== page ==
Goldman Sachs's SSG: Lending or Trading?

For Goldman Sachs's (GS) Special Situations Group, corporate disasters can be a source of some of the bank's biggest profits. Now the secretive operation, which invests in the debt and equity of troubled companies and in loans to high-risk borrowers, faces its own potential calamity. The group, known as SSG, could be put out of business by new rules in the Dodd-Frank financial reform law that seek to curb proprietary trading by banks.

Goldman Sachs has already shut two units that made bets with the firm's money because such trading by banks will be prohibited under the Volcker rule, named after former Federal Reserve Chairman Paul A. Volcker. Even so, SSG continues to make investments and named a new global head last month. Executives at the New York-based bank, including Chief Financial Officer David A. Viniar, have argued that SSG shouldn't be affected because it's more of a lending than a trading business. "It is proprietary trading, but the business can also be modified if you had to," says Brad Hintz, an analyst at Sanford C. Bernstein in New York. The question, he says, is "Where will the regulators draw the line?"

While SSG's results aren't published, the unit has been a major profit contributor at Goldman Sachs—the biggest in some periods, according to former SSG executives who asked not to be identified because they don't want to speak publicly about their former employer. Investing and lending, which includes SSG, proprietary trading businesses, and investments in hedge funds and private equity, generated 32 percent of Goldman's 2010 pretax profit, almost twice the profit from investment banking and money management combined, according to company reports.

Created during the late 1990s, SSG bought distressed assets in the aftermath of Asia's financial crisis and profited in the Enron bankruptcy, one former employee says. A gain on an investment in Accordia Golf, Japan's largest golf course operator, contributed about $500 million of revenue in the fourth quarter of 2006. Without SSG's profits, analysts say, Goldman Sachs would find it hard to match its historical returns. The bank's annualized return on average common shareholders' equity was 13.1 percent in the fourth quarter of 2010, down from 41.5 percent in the same period in 2006, company reports show.

Few of SSG's investments are public, making it tough to know what the division is doing. SSG is almost never mentioned in Goldman Sachs's regulatory filings or publications, and Viniar doesn't talk about it on quarterly conference calls unless asked. "Well, that's a group that you talk about more than we do," Viniar said on Dec. 16, 2008, in response to a query from Glenn Schorr, then an analyst at UBS (UBS).

Special Situations Investing Group, a legal entity that holds debt investments made by SSG, was included among creditors on a Jan. 5 forbearance agreement with lenders filed by Sbarro, a pizza chain based in Melville, N.Y., and owned by private equity firm MidOcean Partners. The bank wasn't an original lender to Sbarro, according to two members of the lenders' syndicate who asked not to be identified because they weren't authorized to speak. While Goldman Sachs didn't appear among creditors on two more recent agreements, including a Mar. 3 filing, a person at the firm familiar with SSG's investments says the unit still owns Sbarro debt. Michael DuVally, a spokesman for Goldman Sachs, says he can't comment on SSG's investments.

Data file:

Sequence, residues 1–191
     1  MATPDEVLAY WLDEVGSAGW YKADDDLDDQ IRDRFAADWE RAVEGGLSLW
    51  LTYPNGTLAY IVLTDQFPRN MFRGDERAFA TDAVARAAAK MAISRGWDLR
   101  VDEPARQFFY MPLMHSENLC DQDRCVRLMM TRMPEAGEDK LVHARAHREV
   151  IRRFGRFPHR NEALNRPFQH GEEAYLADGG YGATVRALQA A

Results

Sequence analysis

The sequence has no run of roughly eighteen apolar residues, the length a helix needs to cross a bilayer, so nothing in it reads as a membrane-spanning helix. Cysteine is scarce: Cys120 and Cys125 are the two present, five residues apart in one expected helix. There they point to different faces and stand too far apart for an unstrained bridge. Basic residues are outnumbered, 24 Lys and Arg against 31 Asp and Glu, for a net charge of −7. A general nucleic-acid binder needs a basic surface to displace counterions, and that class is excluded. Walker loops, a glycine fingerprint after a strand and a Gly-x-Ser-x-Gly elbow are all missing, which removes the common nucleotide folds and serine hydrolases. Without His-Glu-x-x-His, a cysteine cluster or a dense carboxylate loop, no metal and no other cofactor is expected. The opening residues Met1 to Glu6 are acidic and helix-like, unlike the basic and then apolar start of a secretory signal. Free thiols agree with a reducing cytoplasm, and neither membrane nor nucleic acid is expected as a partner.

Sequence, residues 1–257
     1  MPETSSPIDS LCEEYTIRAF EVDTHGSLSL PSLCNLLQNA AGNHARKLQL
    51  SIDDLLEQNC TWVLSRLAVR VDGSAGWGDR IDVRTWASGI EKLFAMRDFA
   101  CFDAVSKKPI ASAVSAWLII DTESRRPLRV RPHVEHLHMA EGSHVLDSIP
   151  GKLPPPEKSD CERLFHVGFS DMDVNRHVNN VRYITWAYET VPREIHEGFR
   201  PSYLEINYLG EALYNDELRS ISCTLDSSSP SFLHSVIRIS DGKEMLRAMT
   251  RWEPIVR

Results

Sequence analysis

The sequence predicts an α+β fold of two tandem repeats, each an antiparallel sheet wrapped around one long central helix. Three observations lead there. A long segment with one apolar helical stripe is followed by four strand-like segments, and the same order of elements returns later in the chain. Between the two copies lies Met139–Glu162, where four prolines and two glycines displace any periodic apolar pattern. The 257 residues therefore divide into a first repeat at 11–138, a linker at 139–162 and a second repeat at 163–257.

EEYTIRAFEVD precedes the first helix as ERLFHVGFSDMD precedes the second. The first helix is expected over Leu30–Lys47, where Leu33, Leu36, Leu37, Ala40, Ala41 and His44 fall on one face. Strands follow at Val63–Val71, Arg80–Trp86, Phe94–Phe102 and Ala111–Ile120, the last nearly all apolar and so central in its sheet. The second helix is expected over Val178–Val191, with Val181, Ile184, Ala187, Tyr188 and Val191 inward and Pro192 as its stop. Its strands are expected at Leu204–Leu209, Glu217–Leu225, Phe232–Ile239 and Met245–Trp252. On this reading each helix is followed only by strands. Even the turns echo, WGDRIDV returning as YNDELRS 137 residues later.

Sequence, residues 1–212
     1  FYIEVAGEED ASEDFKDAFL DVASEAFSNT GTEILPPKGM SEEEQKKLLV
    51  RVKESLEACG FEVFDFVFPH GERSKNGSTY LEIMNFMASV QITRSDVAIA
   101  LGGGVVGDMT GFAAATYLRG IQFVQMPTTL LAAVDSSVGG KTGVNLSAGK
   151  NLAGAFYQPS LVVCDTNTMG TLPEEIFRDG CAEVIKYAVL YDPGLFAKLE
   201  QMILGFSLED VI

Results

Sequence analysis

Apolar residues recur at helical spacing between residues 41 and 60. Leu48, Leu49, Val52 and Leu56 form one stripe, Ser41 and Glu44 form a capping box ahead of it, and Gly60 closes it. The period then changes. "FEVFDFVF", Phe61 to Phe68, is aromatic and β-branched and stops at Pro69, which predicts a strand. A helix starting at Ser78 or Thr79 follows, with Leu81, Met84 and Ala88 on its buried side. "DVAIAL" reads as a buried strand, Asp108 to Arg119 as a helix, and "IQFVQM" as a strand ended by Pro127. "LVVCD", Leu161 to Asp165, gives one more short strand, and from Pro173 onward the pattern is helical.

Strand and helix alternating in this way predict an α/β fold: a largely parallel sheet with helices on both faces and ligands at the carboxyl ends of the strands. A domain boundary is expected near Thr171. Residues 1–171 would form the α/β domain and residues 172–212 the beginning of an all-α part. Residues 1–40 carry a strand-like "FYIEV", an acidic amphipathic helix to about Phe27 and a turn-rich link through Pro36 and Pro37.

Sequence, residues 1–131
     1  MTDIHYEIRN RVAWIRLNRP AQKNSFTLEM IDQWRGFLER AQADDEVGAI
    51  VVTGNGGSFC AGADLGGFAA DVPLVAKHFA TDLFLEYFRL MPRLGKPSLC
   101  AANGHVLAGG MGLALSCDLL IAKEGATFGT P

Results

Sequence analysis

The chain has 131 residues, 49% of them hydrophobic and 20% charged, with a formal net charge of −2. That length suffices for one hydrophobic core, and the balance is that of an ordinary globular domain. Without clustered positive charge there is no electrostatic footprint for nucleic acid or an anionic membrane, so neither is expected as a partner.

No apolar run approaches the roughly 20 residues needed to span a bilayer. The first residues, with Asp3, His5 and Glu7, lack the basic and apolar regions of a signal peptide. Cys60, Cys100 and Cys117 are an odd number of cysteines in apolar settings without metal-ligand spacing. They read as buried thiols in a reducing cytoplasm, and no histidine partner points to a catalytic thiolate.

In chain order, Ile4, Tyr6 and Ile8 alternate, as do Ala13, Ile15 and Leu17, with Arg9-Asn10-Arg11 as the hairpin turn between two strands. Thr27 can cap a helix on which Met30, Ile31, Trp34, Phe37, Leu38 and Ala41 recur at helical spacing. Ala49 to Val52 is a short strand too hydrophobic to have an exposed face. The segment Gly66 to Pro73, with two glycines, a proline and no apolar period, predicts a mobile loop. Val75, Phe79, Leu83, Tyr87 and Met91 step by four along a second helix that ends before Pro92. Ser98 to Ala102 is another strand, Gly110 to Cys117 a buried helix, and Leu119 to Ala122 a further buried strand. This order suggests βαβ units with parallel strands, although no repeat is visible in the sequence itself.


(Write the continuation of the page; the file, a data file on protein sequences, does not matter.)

Richard M. Ruzika, 51, a former Goldman Sachs commodities trading chief and onetime New York Jets recruit, has run SSG since 2007. He is retiring from the firm at the end of April, according to a Feb. 17 memo obtained by Bloomberg News. Jason M. Brown, a Briton who has led SSG in Asia since 2007, will replace him and remain in Hong Kong, a separate memo said.

The future of Brown's unit will depend on how strictly the Volcker rule is interpreted. The provision aims to constrain banks that receive government backing, such as deposit insurance and access to Fed funds, from making bets that could produce significant losses. It would also limit the companies' investments in private equity and hedge funds. The Fed and other banking regulators must put the Volcker rule into effect by October.

There are unanswered questions that could leave an opening for SSG, say analysts and legal experts, including Roberta Karmel, a former member of the Securities and Exchange Commission who now teaches at Brooklyn Law School in New York. Can Goldman Sachs claim that purchasing debt makes the division a lender rather than a trader? If the unit holds its investments for months or years, do they cease to qualify as proprietary trading because the firm isn't seeking to "profit from near-term price movements," as the regulatory guidelines say? "These laws are too complicated, and they can find loopholes," says Karmel. "I don't know how strictly the regulators will be able to define proprietary trading."

Viniar said on an Oct. 19 call with analysts that the Volcker rule might not affect SSG because "the predominant part of that business is actually a lending business, which we think is not only O.K. under the rules but is actually something that's encouraged, because it obviously helps the economy grow."

Buying debt in the secondary market doesn't sound like lending to James D. Cox, a professor at Duke University School of Law in Durham, N.C. "I find it hard to think that they're just like the corner bank lending money to somebody in financial distress," Cox says. "This looks more like trading than it does any other activity, and it ought to be subject to Volcker requirements."

The bottom line: The survival of Goldman Sachs's Special Situations Group depends on how strictly regulators interpret the Volcker rule.

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